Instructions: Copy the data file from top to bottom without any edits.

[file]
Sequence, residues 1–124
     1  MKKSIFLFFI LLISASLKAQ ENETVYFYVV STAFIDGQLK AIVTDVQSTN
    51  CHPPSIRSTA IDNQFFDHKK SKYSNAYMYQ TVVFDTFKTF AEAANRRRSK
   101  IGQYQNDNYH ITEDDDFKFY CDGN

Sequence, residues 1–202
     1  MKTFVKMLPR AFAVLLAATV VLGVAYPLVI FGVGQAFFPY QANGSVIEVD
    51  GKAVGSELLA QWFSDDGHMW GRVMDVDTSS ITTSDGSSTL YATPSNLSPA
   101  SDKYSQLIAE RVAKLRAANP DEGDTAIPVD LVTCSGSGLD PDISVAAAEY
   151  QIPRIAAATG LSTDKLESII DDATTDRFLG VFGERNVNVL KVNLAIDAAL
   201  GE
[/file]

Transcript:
Sequence, residues 1–124
     1  MKKSIFLFFI LLISASLKAQ ENETVYFYVV STAFIDGQLK AIVTDVQSTN
    51  CHPPSIRSTA IDNQFFDHKK SKYSNAYMYQ TVVFDTFKTF AEAANRRRSK
   101  IGQYQNDNYH ITEDDDFKFY CDGN

Sequence, residues 1–202
     1  MKTFVKMLPR AFAVLLAATV VLGVAYPLVI FGVGQAFFPY QANGSVIEVD
    51  GKAVGSELLA QWFSDDGHMW GRVMDVDTSS ITTSDGSSTL YATPSNLSPA
   101  SDKYSQLIAE RVAKLRAANP DEGDTAIPVD LVTCSGSGLD PDISVAAAEY
   151  QIPRIAAATG LSTDKLESII DDATTDRFLG VFGERNVNVL KVNLAIDAAL
   201  GE